Justice MacNaughton added, “Ms. Murray was fiercely independent and was not someone to tangle with. She was not afraid to disagree with people and was described as feisty. She made friends and kept them, but she could be unforgiving if someone crossed her."

In the 2013 notarized will, Murray gave $60,000 to her niece Verna, $60,000 each to two grandnieces, $60,000 to a grandnephew, $40,000 to nephews Ron Takano and Daniel Henderson, and $40,000 each to three relatives of her deceased spouse. The residue of the estate was to go to the SPCA. Nephew Brian Henderson, one of the plaintiffs, was not mentioned in the will.

The court also heard that on May 4, 2017, Murray’s 99th birthday, Murray’s executrix Myler and friend Crawford took her to lunch. During the meal, Myler discussed potential changes to the will, given how the value of Murray’s home had increased since the 2013 will when it was assessed at about $1 million.

At that meal, the note, if a valid document, would make the following amendment: increase to $100,000 the gifts to niece Verna, the two grandnieces and grandnephew; revoke the gifts to nephews Ron and Daniel, as well as the three relatives of her deceased spouse; reduce the gift to the SPCA to $100,000, and add a gift of $40,000 to Murray’s friend John Basich. Nephew Brian again was not mentioned.

The specified amounts in the note total $540,000, which leaves about $1.4 million in the estate. Murray’s home sold for $1.9 million in March 2020, and as of Oct. 16, 2020, Murray’s estate lawyer held more than $72,000 in trust and $1,901,434.42 in a term deposit. After various fees, about $1.85 million is left for distribution.

Taking all the evidence into account, the judge wrote in her decision that, on a balance of probabilities, Murray had the requisite testamentary capacity to confirm the content of the note on May 4, 2017.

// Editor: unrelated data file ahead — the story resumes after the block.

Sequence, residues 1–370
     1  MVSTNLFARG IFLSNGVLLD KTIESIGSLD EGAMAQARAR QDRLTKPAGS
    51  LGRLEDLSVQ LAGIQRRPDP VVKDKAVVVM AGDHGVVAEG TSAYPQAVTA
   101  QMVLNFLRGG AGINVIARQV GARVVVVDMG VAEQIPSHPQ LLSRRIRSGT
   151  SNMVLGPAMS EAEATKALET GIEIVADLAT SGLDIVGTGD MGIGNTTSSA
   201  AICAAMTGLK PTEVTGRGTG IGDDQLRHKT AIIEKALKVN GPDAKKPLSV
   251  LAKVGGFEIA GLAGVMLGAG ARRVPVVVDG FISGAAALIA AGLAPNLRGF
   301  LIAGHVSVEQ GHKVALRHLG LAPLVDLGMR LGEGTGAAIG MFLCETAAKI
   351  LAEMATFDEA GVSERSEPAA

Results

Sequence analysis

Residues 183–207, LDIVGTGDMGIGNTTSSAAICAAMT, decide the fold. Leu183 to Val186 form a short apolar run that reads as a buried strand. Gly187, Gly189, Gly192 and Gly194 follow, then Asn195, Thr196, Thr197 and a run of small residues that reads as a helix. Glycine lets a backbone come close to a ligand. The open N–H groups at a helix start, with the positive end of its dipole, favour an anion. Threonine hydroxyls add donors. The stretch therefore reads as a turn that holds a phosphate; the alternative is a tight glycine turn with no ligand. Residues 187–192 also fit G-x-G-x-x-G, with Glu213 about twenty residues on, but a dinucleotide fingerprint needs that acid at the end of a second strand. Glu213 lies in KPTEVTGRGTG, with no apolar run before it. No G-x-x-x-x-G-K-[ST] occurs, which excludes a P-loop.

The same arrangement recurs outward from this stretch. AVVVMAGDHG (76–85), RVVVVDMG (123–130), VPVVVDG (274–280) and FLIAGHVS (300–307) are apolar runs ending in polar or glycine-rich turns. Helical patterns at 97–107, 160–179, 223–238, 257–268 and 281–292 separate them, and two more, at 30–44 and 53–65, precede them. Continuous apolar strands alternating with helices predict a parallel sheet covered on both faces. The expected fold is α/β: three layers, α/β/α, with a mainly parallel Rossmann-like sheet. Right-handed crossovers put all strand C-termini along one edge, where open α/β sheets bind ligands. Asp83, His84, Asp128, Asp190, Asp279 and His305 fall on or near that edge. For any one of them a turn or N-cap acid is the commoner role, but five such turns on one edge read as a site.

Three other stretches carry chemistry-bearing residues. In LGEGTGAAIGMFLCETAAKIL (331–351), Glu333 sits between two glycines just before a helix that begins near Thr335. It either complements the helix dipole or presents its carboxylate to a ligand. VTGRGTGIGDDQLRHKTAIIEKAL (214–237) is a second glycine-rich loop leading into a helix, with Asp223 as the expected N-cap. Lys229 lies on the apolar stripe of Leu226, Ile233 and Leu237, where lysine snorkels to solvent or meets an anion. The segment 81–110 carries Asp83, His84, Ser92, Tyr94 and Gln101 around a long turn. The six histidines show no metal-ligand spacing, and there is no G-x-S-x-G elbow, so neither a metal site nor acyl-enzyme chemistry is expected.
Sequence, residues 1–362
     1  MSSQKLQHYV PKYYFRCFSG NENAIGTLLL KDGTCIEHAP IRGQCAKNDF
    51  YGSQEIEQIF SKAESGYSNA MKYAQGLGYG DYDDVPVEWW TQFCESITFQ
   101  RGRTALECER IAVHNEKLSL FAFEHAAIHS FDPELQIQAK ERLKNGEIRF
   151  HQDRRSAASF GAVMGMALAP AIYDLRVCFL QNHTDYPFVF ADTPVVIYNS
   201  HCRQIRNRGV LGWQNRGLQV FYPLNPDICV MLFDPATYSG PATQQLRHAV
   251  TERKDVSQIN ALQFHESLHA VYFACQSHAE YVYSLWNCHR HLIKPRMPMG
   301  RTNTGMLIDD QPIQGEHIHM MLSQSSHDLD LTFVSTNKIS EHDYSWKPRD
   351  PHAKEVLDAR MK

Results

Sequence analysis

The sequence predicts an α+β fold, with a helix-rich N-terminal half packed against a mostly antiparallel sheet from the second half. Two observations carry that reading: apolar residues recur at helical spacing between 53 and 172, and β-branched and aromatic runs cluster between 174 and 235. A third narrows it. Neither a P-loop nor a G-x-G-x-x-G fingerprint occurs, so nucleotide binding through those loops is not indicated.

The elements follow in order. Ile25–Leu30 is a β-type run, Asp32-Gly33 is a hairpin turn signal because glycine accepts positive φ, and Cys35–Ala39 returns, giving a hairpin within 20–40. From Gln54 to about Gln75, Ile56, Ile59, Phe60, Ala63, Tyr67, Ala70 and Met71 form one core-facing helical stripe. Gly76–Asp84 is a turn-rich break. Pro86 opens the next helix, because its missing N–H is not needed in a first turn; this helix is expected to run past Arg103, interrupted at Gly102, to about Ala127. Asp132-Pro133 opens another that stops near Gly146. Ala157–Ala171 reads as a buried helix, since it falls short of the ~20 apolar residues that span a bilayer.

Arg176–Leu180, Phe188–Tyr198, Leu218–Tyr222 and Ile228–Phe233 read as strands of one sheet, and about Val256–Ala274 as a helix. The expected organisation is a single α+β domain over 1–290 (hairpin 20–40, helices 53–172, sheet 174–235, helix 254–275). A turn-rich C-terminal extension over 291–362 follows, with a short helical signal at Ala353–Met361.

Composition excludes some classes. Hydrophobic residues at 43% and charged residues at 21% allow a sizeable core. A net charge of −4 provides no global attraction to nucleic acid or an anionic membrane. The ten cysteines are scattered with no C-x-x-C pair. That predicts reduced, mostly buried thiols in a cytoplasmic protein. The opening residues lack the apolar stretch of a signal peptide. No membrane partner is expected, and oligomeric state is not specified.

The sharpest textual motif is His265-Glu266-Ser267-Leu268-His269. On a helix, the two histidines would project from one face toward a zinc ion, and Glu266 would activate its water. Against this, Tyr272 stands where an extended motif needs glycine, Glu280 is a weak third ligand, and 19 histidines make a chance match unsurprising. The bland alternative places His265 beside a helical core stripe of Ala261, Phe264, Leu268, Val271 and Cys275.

Crawford and Myler spent a week with Murray in early May 2017. “They saw her every day, and . . . had the opportunity to observe her mental state during that week,” Justice MacNaughton wrote. “Their evidence indicates Ms. Murray was alert, lucid, and actively engaged in the conversation about the note and gave specific instructions for adding names, crossing off names, and changing the amounts.”

However, Justice MacNaughton also wrote that “there is no evidence” that Murray appreciated the effect the note would have on the disposition of her estate, particularly the impact of not dealing with the remainder of the estate after specific amounts were bequeathed.

She wrote: “Because the note does not contain a residue clause, what remained in Ms. Murray’s estate, after the specific bequests were paid to family members, passes on intestacy to the plaintiffs. Two of the plaintiffs, Ron and Daniel, were specifically crossed out on the note, and Brian was not included at all.”

MacNaughton added that if the note were a valid will, “75 per cent of Ms. Murray’s estate goes to three individuals whom Ms. Murray expressly did not wish to benefit. “It is difficult to see how Ms. Murray could have had [the requisite] knowledge and approved of this result."

The judge also pointed out that there were “problems” with the note, including:

  • It is impossible to conclude when the note was authored, though it must have been prepared before Mar. 12, 2017, as Murray did not return to her home after that date. It was found by Myler and Crawford in early May, before the birthday lunch.
  • The note is untitled, unsigned, and not witnessed.
  • The note appears to have markings made by different people as they are in various ink colours. It seems likely that Ms. Murray wrote all of the names, although Myler’s affidavit says she completed Dan Henderson’s surname.